Miscellaneous Actions Over the course of session we supported several other measures unrelated to our prime focus areas of ex-offender reentry and tax fairness. We supported a bill sponsored by Senator Hargrove to provide greater funding for mental health and drug treatment, divert drug and mental health cases from the courts to treatment and establishes several pilot programs. This bill also suspends offenders Medicare benefits on incarceration instead of terminating them as DSHS has been doing. (This was a TRRC objective.) This bill has passed both houses with several monor provisions later vetoed by Gov. Gregoire. Each house saw resolutions urging Congress not to reauthorize certain provisions of the Patriot Act. We supported both of these measures, but they appear to have been legislative theater. Hearings were held,much publicity resulted, and then the committee took no vote on the measures. We also supported measures to increase public defender funding. We supported a measure to extend the jurisdiction of the Civil Rights Commission to cover discrimination based on sexual orientation. This bill passed the House and was moving well through the Senate when two conservative Democrats, in conjunction with Republican leadership, diverted it to committee from the floor and it died there. We also participated with a coalition of groups to push a moratorium on the death penalty. This work is still quite preliminary and at this date involves identifying potentially supportive legislators.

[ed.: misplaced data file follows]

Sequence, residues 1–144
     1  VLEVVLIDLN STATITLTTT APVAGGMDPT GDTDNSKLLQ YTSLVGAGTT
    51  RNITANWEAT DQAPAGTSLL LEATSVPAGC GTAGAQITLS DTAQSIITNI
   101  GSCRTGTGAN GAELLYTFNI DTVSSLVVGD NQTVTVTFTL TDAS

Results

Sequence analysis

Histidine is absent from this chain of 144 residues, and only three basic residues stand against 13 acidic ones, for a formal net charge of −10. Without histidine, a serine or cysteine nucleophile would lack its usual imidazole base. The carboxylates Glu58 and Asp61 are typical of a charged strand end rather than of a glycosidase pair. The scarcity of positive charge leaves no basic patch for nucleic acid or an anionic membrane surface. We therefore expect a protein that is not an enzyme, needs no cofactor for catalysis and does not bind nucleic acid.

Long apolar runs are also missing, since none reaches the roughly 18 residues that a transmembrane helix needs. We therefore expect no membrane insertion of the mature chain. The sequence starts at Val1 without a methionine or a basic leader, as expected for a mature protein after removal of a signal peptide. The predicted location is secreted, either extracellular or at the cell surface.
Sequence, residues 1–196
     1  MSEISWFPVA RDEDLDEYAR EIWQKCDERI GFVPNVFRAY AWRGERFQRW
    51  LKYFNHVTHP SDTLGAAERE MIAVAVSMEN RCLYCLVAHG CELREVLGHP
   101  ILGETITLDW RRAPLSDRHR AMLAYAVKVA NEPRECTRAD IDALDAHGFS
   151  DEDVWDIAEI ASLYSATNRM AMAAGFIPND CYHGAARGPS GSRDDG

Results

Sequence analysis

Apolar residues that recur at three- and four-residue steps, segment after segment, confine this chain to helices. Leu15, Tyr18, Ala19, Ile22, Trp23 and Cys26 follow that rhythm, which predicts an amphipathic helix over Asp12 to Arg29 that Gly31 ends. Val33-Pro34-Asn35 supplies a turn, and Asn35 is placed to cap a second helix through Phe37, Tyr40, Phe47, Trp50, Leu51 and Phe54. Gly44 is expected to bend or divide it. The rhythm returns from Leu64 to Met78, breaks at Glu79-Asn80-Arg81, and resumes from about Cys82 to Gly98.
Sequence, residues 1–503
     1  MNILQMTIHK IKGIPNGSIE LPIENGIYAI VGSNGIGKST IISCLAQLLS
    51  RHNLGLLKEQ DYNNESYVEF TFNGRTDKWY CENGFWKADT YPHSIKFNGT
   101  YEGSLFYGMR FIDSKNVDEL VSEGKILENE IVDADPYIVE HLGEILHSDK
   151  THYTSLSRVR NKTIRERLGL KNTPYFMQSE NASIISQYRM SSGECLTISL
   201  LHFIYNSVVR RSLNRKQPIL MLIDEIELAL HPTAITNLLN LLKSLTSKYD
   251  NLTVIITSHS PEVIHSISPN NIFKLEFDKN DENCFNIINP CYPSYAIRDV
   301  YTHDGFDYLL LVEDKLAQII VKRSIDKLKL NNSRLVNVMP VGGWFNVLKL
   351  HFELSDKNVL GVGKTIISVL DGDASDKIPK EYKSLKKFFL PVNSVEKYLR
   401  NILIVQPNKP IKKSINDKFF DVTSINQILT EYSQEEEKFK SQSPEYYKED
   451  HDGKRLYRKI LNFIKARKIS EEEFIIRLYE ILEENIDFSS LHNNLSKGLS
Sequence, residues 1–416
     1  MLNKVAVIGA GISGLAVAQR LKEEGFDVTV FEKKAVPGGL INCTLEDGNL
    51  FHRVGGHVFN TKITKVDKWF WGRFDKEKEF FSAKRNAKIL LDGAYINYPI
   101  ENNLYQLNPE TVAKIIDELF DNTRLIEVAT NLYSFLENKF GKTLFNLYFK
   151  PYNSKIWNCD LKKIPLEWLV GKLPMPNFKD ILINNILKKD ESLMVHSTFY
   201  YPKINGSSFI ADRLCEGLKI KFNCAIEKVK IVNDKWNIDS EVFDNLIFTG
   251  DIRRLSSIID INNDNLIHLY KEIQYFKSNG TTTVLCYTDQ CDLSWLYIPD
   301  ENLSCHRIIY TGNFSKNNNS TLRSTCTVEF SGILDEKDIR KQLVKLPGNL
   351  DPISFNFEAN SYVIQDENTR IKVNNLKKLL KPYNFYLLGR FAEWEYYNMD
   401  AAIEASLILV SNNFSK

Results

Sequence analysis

Non-legislative work: FCWPP is working with and through the TRRC is to identify hurdles to successful ex-offender reentry into society and address these. One item we have identified is that offenders leave prison with no photo ID. This hinders their finding housing, work and cashing the check they are given on leaving prison. We have met with the Department of Licensing to find ways to correct this problem. The TRRC is also organizing now to begin a strong public education and media campaign to build greater support, in part for its legislative efforts for next session. The TRRC research committee is working at identifying information needs. And another committee is working on creating a strong internet presence for the group to store and share information and for educational and public information purposes. FCWPP has also provided assistance to Port Angeles and Port Townsend Friends in their work on the Indian graves disruption issues in the Hood Canal Bridge construction project. The lobbyist participated with FCNL in a workshop for activists on how to lobby in Port Townsend. And FCWPP is committed to present a similar workshop with FCNL this May in an AFSC conference on Beating Swords into Plowshares. We have this session started building relationships and bridges with many leaders and other interest groups. We have met with the new Secretary of Corrections, Harold Clarke, who is seeing that the monthly TRRC meetings have DOC participation. We have built personal relationships with a number of legislators, staffers, caucus staff, and others. Recently we have begun making connections with black churches, DOC staff, ex-offenders, academics, and concerned activists from other groups or on their own. These budding relationships and friendships hold forth considerable promise for the long term and also are spreading the word of the work of Friends.